Blaise became friends with an aristocrat the duc de Roannez. They shared a common interest in the intellectual topics of the day and both had a desire for an authentic Christian spirituality. The duke introduced Blaise to a new circle of friends. One of these friends was the chevalier de Méré who posed two gambling problems to Blaise. These problems resulted in a series of letters between Blaise and Pierre de Fermat that formed the beginning of probability theory. You can read more about these problems in the sections Contributions to Mathematics and Appendix B: Analysis of Unfinished Game Problem.

On the 23rd of November 1654 Blaise had a profound spiritual experience that changed his life. Blaise had always approached God through his mind using reason. But on this night he experienced the presence of God in a way that changed his heart. He never told anyone about this, but he wrote an account of this experience on a piece of paper and sewed it into the lining of his coat. The paper was discovered after his death when they were going through his clothes. This night is often referred to as his “Night of Fire” because of the references to fire in his account. There are more details in the section The Faith of Blaise Pascal. There were several stories that were later told about his “Night of Fire.” One story claimed that he had nearly died in a carriage accident which caused him to reassess his life. Another story claimed that he had been deeply moved by a sermon. No one really knows what happened that night except for what he had written Although he never told anyone about this spiritual experience, his friends could see a difference in his life. His anxiety and confusion were replaced by a calmness and a peace. He later told Jacqueline that he was now ready to completely embrace Jansenism. However, he still continued to work in mathematics and science and remained friends with the duke and his entourage. His continuation of these ‘worldly’ pursuits caused many of the Jansenists to question his commitment.

The Jansenists were continually under attack in the Catholic church, primarily by the Jesuits. These attacks were now increasing in intensity. A committee appointed by the Pope and the faculty of the Sorbonne condemned five of the core Jansenist beliefs as heretical. Antoine Arnauld, the current leader of the Jansenists, tried to defend their position, but was having little success. In desperation they turned to Pascal who penned the Provincial Letters. There were 18 letters in this collection written over a two year period 1656–1657. Pascal didn't use theological arguments, but instead used comedy and sarcasm to mock the Jesuits and to engender sympathy for the Jansenists. The Provincial Letters were very popular and widely read. It is said that Voltaire, an opponent of Christianity, carried a copy with him and kept one at his bedside to serve as a reminder of what good writing looks like. You can read more about these letters in the section Contributions to Literature.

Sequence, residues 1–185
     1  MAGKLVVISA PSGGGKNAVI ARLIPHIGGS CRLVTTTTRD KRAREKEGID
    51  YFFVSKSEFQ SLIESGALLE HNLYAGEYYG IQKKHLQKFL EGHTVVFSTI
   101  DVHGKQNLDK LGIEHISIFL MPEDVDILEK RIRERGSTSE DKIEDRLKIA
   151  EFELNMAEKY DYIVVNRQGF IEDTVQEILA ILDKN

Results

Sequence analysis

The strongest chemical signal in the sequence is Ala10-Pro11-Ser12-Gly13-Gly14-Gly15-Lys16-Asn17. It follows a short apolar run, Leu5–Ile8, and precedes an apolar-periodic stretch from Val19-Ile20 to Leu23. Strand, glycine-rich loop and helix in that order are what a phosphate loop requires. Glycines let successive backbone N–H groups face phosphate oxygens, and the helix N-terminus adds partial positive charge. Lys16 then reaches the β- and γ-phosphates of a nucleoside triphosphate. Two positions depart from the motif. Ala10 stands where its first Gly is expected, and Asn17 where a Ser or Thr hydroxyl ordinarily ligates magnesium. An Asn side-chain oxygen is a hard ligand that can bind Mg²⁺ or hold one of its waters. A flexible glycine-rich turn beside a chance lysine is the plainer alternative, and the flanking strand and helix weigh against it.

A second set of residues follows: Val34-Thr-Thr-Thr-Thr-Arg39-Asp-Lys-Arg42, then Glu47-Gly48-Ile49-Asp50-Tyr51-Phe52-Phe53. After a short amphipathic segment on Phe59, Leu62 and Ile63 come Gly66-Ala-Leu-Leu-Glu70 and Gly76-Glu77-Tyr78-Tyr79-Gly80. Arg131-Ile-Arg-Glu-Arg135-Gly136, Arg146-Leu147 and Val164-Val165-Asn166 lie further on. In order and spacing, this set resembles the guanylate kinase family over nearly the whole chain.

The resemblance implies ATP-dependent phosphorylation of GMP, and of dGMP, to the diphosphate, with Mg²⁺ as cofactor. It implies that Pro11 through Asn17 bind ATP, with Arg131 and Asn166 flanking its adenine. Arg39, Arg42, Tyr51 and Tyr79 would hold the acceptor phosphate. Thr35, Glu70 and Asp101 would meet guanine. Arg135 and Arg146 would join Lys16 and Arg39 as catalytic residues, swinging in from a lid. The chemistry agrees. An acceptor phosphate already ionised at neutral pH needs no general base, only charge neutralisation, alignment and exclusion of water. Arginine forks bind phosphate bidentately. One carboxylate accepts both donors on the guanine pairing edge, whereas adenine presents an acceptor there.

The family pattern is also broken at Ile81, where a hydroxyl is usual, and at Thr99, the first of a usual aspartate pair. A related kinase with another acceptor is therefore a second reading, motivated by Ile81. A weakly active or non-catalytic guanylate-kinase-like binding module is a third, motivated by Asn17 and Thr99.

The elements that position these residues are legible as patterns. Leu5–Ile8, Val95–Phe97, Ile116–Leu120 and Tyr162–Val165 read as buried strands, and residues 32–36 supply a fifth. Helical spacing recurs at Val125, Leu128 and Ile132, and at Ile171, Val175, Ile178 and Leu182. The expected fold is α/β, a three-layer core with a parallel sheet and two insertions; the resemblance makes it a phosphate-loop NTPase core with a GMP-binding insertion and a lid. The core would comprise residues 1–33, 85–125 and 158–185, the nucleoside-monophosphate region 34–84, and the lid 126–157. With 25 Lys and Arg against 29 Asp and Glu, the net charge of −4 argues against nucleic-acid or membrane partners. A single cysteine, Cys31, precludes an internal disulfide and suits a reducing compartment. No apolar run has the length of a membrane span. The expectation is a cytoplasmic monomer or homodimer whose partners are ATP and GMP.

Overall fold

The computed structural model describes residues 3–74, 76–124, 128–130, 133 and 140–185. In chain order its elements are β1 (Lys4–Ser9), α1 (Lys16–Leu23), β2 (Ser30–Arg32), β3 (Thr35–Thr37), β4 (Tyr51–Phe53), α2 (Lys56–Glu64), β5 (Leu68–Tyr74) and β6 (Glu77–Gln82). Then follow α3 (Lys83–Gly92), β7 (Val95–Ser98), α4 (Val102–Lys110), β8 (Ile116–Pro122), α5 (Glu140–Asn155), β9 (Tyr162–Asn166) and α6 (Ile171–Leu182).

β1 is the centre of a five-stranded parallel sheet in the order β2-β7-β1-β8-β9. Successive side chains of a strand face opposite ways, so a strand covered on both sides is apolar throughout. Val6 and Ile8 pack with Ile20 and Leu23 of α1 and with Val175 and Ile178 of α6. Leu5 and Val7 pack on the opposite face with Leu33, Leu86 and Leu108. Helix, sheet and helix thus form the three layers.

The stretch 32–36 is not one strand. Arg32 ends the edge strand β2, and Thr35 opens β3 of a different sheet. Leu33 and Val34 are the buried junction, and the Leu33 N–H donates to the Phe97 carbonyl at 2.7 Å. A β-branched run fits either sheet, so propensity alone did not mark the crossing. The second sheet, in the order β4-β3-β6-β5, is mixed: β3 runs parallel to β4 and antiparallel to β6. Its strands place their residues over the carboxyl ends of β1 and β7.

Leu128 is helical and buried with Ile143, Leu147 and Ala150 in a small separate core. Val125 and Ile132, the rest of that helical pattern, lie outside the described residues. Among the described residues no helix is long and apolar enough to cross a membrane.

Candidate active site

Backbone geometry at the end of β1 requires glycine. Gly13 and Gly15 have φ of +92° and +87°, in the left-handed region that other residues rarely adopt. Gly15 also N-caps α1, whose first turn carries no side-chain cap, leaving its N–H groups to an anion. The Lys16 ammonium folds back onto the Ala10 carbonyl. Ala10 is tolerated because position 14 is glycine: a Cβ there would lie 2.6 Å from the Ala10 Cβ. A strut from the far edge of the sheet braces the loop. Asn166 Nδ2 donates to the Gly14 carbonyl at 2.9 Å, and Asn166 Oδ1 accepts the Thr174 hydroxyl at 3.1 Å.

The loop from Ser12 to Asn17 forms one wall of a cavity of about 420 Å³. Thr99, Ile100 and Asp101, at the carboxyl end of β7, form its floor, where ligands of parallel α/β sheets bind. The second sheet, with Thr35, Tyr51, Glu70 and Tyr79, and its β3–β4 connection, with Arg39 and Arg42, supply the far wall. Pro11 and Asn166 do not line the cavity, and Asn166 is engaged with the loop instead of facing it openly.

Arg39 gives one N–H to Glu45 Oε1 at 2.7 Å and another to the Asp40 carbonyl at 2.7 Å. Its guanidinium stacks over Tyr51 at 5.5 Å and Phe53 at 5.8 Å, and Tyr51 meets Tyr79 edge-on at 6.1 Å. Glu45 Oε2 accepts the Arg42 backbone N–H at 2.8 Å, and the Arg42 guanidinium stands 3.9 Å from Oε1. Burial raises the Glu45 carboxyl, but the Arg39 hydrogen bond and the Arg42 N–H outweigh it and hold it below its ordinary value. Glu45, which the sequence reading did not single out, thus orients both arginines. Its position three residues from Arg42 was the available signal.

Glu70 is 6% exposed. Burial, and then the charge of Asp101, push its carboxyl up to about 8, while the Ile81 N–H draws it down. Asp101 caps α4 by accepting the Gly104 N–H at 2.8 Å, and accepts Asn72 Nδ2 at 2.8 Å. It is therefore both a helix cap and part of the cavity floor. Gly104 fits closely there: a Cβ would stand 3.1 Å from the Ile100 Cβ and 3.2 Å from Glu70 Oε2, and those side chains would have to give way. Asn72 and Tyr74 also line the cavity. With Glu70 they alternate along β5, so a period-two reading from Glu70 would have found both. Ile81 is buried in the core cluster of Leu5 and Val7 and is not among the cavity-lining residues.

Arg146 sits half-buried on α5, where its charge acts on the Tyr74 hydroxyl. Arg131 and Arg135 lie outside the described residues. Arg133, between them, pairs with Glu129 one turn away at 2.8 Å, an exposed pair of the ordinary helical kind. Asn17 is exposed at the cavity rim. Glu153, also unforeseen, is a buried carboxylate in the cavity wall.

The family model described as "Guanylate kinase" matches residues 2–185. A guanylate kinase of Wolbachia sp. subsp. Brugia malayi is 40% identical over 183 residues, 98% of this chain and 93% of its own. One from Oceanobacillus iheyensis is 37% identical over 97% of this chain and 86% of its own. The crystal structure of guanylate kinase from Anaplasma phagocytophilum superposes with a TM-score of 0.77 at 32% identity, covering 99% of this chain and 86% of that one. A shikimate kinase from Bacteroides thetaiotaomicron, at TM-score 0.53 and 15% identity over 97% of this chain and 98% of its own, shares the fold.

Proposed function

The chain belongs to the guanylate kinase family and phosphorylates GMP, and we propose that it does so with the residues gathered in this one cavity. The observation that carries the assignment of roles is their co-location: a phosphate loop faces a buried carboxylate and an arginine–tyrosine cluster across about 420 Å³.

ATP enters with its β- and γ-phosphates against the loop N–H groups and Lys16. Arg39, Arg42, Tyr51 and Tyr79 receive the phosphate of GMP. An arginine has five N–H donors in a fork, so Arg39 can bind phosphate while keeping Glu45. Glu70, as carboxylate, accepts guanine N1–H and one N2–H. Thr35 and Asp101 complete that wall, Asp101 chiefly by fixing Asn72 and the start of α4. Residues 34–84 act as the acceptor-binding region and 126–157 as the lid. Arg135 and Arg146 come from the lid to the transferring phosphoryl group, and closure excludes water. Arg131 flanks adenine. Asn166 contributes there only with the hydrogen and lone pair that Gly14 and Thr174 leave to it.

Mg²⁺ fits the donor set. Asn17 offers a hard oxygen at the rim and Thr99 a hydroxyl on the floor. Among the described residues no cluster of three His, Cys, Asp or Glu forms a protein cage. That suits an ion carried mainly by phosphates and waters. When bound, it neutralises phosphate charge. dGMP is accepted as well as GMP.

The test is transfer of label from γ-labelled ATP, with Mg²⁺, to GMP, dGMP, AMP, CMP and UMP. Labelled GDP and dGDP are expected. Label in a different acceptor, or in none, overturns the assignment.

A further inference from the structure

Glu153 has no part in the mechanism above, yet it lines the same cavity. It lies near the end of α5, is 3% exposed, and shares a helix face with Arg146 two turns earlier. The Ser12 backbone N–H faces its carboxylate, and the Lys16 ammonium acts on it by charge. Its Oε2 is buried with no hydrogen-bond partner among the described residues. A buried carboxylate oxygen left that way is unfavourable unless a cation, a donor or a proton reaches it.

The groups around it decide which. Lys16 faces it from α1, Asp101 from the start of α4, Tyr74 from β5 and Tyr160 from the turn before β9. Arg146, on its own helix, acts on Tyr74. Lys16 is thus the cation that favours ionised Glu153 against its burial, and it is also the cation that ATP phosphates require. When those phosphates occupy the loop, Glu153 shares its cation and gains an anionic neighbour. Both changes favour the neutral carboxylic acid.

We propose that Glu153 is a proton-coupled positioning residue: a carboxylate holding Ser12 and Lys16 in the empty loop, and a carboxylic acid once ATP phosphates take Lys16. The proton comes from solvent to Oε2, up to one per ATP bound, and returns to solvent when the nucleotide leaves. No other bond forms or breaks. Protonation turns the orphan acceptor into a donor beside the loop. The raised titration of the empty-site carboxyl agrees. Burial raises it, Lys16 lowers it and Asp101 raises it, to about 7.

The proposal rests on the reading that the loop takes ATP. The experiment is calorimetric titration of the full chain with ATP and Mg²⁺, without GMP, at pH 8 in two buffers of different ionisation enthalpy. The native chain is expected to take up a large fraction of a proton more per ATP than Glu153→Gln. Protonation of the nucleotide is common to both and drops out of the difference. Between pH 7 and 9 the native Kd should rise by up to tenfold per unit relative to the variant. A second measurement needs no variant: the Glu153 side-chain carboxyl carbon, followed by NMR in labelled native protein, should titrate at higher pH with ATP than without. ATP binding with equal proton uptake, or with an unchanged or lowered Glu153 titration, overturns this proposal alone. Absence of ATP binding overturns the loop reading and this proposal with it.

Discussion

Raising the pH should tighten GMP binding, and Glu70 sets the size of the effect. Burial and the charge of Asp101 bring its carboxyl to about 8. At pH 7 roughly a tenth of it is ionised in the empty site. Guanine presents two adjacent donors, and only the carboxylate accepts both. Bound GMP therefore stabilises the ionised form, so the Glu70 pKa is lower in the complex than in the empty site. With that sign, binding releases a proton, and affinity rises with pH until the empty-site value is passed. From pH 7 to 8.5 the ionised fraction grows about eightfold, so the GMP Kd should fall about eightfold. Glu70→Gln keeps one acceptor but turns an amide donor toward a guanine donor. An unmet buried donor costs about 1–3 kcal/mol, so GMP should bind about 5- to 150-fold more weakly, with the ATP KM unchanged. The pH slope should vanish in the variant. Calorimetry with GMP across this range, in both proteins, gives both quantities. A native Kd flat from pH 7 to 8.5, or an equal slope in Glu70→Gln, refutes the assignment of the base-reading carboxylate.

Pascal's health continued to worsen in 1658. As a distraction he worked on the famous mathematical curve the cycloid. He was able, among other things, to find the area and center-of-gravity of this curve. Pacal's contributions can be found in the section Contributions to Mathematics. Pascal also announced his plans to publish a defense of Christianity. He didn't believe that the common man could follow the usual theological arguments. Instead he wanted to present arguments in the language of the people. He was never able to finish this work, but his notes were collected and published after his death as the Pensées. There is more on the Pensées in the section Contributions to Literature

Jacqueline Pascal died in October of 1661 shortly after being forced to sign a document drafted by the king condemning Jansenist beliefs. In 1662 Blaise instituted the first omnibus service in Paris. You can read more about this achievement in the section Contributions to Science and Engineering. Later that year he became seriously ill and died on August 19, 1662. He was buried inside the church Saint-Étienne-du-Mont and the family placed a small plaque on the wall near his tomb. A picture of the church where he is buried is shown in Figure 5 below.

Figure 5: Pascal burial site.